I’ve probably been talking about early retirement for about as long as I have been gainfully employed. When I started first working after college, one of my older brothers pointed out that my starting two weeks paid vacation amounted to only 1 year off for every 26 years worked. That got me thinking right away about saving enough to retire BEFORE I hit the 26 year mark. With the end of my 26th year on the job coming up on August 14, 2016 – my plan is to exit with a few months to go.
Since I’ve had it in my mind for so long, it isn’t a surprise that I have been sharing my dream with family & friends for many years. Of course a lot of people talk about retiring early, but few get close enough to actually make concrete plans to leave before age 50. (About 2% of people retire @ 50). In our case, we started talking about early retirement with our financial planner when I was in my late 30s. We set a goal of retiring in 10 years, even though that seemed like it was a pretty big challenge at that point. I’m sure I mentioned the dream to quite a few people at that stage of our life – although few would have thought much about it at that point.
About 18 months ago, we established a specific date at which we would build our plans around. We didn’t announce it to the world in any way, because talking about it with a date make it more of a specific short-term commitment, versus just a general long-term goal.
My parents were over for the afternoon watching an NFL playoff game when I first mentioned it within my family. It was about a year ago. I asked my Dad what he recalled about retiring (in 1993) and how he decided the time was right. He retired at age 60. He said he would have been happy to go a few years earlier but the company retirement plans made it worthwhile to stay until that age. The good news was the company’s stock was rocking at that point and it was a good time to exit. His advice was to think about how to keep a bridge into the business world, even as you leave your “day job”.
Last summer I started sharing specific plans with a few of my brothers when we were out golfing. We golf the last Friday of the month and I shared with them that I was writing this blog and planning for retiring in 2016. My oldest brother and I had talked about financial goals for many years, so I don’t think it was a complete surprise, but a fun thing to talk about when you are out on the links. My golf game could use more time on the links was the general conversation 🙂
I also started telling some friends last summer. It’s a bit of an awkward conversation to have without sounding like you are bragging. At the same time, it is a big change in your life and hard not to mention to those that you are close to. With friends, I would just say “Hey – guess what? I’m on my ‘last lap’ at work. I’m planning on early retiring next year.” Almost to a person people would say “good for you” – and ask for a few details.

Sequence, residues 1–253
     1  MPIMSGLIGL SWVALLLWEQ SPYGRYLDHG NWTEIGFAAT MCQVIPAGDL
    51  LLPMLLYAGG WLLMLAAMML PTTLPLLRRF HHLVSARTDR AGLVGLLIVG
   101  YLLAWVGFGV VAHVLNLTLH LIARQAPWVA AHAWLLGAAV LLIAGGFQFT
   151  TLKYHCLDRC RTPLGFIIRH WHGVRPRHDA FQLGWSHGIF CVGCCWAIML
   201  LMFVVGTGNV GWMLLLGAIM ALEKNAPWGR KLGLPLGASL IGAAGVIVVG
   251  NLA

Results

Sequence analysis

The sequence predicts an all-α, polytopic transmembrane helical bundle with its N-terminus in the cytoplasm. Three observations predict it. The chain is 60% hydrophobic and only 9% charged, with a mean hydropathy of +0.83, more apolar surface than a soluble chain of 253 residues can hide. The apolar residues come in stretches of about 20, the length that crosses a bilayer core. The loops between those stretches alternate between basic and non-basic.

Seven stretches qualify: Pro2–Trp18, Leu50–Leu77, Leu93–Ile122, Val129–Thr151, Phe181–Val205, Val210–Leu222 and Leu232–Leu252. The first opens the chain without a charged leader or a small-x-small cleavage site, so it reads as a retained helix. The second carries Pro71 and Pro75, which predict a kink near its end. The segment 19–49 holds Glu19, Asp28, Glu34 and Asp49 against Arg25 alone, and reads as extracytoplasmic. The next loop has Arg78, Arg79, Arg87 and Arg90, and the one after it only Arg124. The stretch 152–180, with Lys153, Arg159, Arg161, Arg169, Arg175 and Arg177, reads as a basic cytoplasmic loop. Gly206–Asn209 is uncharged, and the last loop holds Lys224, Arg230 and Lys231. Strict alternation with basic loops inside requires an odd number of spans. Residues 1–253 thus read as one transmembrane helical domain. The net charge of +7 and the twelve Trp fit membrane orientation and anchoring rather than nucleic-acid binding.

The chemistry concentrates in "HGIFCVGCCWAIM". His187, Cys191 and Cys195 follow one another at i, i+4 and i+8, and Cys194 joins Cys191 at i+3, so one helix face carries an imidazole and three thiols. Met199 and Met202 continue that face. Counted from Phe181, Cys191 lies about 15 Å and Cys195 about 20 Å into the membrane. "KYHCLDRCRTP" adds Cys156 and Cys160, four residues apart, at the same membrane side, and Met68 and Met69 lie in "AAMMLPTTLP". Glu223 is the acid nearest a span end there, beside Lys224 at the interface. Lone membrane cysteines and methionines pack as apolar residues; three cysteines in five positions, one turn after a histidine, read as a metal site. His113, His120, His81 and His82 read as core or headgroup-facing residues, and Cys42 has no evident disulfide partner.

I think the closer you are in socioeconomic level with others, the easier it is to chat about it. Because of this, it is easier to talk about it with neighbors because while you aren’t as close to them as some people in your life, you live a similar lifestyle. A few people have wanted to share where they are at and even get together to ask for advice over a cup of coffee or a beer. I like hearing where others are at and am happy to compare approaches or even some numbers.
I have had few ‘awkward’ chats about retiring early. A minority of people will shut down or say some odd things. I wrote about those reactions in this POST.
At this point, I have chatted with dozens of friends over the last year outside of work. I always reinforce that I might still change my mind, I might get cold feet at the very last minute, or I might be doing something I will regret later. There’s no sense in acting like I have all of the angles figured out in advance. In fact, I often say I have no plans after retirement.
I also warn people that I haven’t shared my plans at work. Talking about plans to early retire when you are at work is a risky proposition and I have (mostly) avoided that. When you are more than 25 years into your career and have significant leadership potential to the organization, speaking up will doom you if you choose to change your mind. The company needs to know you are with them for the long-haul or there is a long line of others that can take your place. Although I am now less than 3 months from pulling the trigger, I have still only shared plans with less than a handful of colleagues (none of which have yet seen this blog).
For the most part, it is fun to talk with people about the ‘dream’ and hear what they are thinking. This blog has become a great forum as well. I have met so many peopleonline with a similar goal, so I look forward to reading other’s comments & posts.
How much have you shared your plans with friends & family?
Here is page with links to other posts in my FIRE MILESTONES series.
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